If you’re enjoying the World Cup then you’re probably a football fan or (at the time of writing) have Uruguay, Spain or Portugal in the staff sweep-stake. If you’re not enjoying the World Cup then chances are you’re not a fan of football, or the staff sweep-stake left you with Morocco or Iran.
The World Cup does lend itself to a variety of activities to revise material you have likely covered this year…
Recapping clothes and colours
This is one of my favourite ways to teach adjective endings. Football kits lend themselves to this task as the link explains. This could also be achieved with the flags of the countries.
Developing opinions and reasons
Why not get each member of your class to write a prediction? You could even involve yourself in this, particularly if you’re still bitter about the sweep-stake.
I think that <insert country here> is going to win
I believe that <team that is not England> is going to win
In my opinion <probably Spain> is going to win
You could change this depending on the ability of the kids. Students could add a reason for their opinion “because they have better players”. They could add superlatives “because Ronaldo is the best”. More advanced students could use a subjunctive: “i hope that”.
How are you going to watch the final – future tense revision.
Students produce their plans for the day of the final. There is an opportunity here for a short piece of writing involving time phrases, opinions, reasons and the future tense. If they are not planning to watch it at all then it is still good future tense practice.
Students write their name at the bottom of a piece of paper. They write a sentence at the top, fold it towards themselves and pass it on. They keep going until all the sentences have been written. It can produce something amusing. Watch the kids closely (you know the ones I mean).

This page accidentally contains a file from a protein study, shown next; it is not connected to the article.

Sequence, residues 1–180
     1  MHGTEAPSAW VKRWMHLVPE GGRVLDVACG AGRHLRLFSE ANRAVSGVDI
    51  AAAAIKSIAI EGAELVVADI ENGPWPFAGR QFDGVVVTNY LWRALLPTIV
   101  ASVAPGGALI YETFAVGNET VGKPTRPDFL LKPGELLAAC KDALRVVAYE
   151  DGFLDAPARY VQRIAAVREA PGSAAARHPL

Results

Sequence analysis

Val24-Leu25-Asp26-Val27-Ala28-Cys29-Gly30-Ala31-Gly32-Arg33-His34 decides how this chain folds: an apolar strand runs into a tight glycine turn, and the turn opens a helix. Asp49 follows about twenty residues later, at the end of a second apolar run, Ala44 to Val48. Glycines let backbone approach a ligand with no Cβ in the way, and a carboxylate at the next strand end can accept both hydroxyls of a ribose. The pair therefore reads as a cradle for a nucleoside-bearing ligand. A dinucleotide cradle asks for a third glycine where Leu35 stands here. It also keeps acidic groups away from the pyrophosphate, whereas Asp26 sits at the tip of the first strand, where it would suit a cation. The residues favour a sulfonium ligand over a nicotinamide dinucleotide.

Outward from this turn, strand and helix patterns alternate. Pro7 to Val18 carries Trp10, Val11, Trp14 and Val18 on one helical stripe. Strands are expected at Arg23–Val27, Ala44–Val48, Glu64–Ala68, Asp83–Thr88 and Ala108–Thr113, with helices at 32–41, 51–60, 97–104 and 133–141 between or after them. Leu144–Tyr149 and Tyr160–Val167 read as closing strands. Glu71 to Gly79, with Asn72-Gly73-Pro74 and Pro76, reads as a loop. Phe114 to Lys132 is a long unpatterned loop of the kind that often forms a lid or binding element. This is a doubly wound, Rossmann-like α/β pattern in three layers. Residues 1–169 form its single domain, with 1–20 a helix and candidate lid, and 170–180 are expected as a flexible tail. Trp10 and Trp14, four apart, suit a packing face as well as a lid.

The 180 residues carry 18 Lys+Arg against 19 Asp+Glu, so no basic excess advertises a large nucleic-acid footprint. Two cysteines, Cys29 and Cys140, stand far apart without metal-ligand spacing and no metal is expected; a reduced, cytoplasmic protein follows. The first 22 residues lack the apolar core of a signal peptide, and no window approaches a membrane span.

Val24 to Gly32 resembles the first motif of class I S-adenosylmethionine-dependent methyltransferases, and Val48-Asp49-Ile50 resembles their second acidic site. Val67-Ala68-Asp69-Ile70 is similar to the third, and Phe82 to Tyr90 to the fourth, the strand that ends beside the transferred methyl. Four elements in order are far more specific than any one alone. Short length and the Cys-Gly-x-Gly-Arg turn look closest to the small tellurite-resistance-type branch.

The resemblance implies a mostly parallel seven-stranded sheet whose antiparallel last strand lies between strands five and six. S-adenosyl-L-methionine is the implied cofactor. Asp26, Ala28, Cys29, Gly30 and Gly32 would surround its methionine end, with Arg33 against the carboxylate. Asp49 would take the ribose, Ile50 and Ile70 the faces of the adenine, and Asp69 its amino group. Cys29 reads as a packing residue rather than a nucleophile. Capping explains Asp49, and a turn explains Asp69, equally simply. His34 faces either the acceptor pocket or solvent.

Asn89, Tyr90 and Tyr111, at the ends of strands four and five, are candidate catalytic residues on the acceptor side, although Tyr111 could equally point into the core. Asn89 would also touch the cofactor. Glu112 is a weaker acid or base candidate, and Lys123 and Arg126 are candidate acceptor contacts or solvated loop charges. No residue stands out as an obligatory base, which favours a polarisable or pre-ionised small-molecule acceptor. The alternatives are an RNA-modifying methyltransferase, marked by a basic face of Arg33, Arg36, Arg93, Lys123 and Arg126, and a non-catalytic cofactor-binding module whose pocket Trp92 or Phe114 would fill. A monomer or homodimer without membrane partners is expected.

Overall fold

In the morning I’m going to…
For lunch, I’m going to…
In the afternoon, I’m going to
For dinner, I’m going to..
After having eaten, I’m going to…
… and … are going to be in the final.
This is one I have used a number of times. I always wonder why students can pronounce any footballer but then get every other word with the same sound patterns wrong!
For Spanish teams, pick one of the south american sides. Far harder. Most of the Spanish team will be well known to your kids.
Recap target sounds with students. For Spanish this may be G, J, CE, CI, LL among others. For French this might be silent endings or other sounds. For Germany this could be sounds with umlauts, “ch” endings or double vowels.
Option 1: students announce the team to their partner as if they were on TV reading out the lineup.
Option 2: students race through the team trying to beat their partner to the end.
Option 3: teacher goes through lineup and students have to spot the mistakes made and correct them.
I think England could have stopped at that John Barnes rap or Footballs Coming Home
Sergio Ramos was involved in this beauty…
How to exploit it…?
Well, I had some ideas but then found this superb guide on Frenchteacher.net Anything I write would simply be repeating the list.
Or use their Euro 2016 effort…
If you are a bit sick of the football, or your class is, then do the same with the song “Así Soy” It worked wonders with my Year 10 class.
The world cup is an opportunity to revise comparatives and superlatives. Who is better, worse, faster, slower, uglier, less talented, more talented? Who is the best, worst, most irritating? There is a TES worksheet from a previous tournament that just needs a little bit of updating, as the Dutch did not make it this year.
Player Biography / Description
Mira 3 has a section on biographies of famous people. Why not go for the footballers. There is an opportunity here to practise the past tense with “he played for”, “he signed for”, “he was born in”. There is an opportunity for the present tense “he plays for”, “he is a defender”. I’m sure you can come up with even more ideas.
Read some tweets
The vast majority of international teams are on Twitter, as are their players. You could screenshot a few and use them as a translation task. Example below:
Give students a selection of football related terms. You could record yourself commentating over a video clip, you could mute the clip and improvise on the spot, or use the original commentary (with advanced level)
Option 1: students select 5 terms and you play bingo. First person to hear all 5 wins.
Option 2: students have a list and tick off as many as they hear. People who get the correct number win.